If people are the lifeline of a successful firm, then a plan is the rope that pulls in profit or breaks under strong pressure. With client projects directly impacting revenue, adopting a regimented planning approach is a must. Finance leaders should factor in resources, revenue streams, and project work into the firm’s financial plans.
“Planning for people costs at a detailed level should tie to financial plans and budgets for the overall organization. Even more importantly, in businesses where the production and customer service capacity of the business is highly dependent on people, workforce planning is essential to understand capacity constraints and enhance revenue predictability,” advises Paul D. Hamerman, former vice president, principal analyst at Forrester.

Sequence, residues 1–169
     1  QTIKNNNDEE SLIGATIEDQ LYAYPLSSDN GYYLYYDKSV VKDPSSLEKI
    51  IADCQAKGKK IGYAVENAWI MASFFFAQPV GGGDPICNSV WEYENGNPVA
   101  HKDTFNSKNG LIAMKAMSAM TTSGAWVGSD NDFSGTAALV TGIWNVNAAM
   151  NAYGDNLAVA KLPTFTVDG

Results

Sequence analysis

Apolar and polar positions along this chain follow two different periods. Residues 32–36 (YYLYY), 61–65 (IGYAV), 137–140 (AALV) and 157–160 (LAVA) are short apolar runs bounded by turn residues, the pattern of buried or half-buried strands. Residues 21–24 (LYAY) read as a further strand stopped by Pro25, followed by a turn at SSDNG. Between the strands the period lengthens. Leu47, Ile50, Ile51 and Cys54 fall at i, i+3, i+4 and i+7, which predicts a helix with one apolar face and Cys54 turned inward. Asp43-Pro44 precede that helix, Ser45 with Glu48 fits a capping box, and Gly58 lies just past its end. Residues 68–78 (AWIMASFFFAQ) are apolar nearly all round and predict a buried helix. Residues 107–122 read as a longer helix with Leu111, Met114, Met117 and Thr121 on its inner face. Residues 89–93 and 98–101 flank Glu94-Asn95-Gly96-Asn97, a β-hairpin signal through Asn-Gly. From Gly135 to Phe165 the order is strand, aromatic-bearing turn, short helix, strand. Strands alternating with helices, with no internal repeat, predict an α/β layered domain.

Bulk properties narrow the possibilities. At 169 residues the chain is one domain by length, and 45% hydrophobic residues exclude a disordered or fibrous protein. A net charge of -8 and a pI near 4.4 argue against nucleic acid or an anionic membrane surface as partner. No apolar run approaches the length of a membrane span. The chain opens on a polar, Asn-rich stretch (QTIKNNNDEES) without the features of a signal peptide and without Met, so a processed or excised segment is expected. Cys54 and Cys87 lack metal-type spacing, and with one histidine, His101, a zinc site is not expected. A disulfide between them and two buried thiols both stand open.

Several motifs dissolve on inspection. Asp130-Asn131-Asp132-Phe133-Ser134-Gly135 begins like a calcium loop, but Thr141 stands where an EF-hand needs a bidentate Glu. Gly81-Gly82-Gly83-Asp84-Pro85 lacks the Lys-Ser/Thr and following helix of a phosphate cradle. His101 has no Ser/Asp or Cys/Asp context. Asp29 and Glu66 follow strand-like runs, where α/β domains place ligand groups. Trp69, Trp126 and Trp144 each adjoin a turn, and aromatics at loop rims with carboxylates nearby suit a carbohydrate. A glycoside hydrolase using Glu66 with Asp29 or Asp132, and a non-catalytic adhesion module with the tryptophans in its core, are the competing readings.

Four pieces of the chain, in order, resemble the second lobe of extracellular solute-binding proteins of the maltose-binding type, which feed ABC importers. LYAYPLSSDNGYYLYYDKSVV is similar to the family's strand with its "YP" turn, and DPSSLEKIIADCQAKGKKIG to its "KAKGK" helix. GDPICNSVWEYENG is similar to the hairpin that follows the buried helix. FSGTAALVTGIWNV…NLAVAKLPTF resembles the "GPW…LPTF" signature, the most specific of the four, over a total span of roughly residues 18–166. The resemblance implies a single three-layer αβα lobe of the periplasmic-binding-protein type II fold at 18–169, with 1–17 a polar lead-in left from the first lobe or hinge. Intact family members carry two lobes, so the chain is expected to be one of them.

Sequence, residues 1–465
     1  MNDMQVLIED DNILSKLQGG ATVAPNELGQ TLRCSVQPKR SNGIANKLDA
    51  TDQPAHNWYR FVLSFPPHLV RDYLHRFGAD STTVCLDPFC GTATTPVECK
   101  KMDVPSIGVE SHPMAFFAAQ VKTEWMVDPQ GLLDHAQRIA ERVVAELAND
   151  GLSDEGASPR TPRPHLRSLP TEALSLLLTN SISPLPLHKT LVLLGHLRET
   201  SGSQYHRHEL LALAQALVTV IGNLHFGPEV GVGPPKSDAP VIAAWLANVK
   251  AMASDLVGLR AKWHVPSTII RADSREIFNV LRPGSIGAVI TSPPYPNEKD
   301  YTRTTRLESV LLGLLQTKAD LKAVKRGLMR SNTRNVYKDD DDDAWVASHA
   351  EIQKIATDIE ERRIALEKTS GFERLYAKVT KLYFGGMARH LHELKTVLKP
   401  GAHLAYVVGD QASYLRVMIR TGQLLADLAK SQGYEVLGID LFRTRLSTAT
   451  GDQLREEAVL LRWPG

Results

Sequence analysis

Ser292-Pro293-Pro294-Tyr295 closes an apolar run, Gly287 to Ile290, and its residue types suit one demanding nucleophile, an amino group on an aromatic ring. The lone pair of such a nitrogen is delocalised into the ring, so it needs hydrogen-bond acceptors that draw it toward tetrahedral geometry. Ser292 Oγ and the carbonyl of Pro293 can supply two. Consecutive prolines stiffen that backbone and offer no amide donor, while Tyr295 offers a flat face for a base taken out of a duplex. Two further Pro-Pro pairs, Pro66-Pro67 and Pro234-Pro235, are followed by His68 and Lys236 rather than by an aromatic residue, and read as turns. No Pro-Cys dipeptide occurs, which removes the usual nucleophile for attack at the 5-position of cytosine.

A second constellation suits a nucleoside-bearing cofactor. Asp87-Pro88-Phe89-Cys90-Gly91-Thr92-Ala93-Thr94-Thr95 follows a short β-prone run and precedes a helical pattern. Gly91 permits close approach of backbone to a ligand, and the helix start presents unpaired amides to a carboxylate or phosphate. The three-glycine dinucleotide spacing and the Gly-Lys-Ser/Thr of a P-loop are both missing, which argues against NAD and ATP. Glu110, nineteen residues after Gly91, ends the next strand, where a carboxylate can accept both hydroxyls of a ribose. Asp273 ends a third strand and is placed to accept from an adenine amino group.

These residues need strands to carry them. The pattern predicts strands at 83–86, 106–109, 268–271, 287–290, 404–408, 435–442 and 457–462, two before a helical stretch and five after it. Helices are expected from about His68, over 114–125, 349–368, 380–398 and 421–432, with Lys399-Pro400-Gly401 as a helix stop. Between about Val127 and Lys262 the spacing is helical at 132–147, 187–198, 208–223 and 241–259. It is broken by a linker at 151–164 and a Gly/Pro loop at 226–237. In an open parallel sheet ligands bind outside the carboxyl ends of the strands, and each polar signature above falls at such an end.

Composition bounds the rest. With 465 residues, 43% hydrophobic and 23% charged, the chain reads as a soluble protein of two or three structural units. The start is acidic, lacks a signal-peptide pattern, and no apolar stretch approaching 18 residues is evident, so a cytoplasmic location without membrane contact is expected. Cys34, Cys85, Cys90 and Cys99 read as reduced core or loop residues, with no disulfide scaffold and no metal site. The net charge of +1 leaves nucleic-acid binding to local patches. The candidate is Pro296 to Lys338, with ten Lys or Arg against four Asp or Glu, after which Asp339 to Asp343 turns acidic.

The foundation of strong planning lies in the availability of key data and systems across the enterprise. By managing resources, projects, and financial data comprehensively, a firm can get context into its client projects, skills gap, and the health of various service lines with immediate insight into whether it’ll meet its financial targets. With this approach in mind, professional services firms need to have planning processes that enable:
Headcount planning: Track the number of FTEs and contingent workers, as well as data on key worker attributes including industry, product, service line, key skills, and certifications.
Project and opportunity planning: Determine current and future resource needs, as well as revenue potential.
Capacity planning: Get an aggregated view of availability by worker attributes and schedule (so you don’t schedule someone who will be out on leave or vacation, for example).
Financial planning: Obtain a full view of revenue and margin across service lines driven from both financial and project data.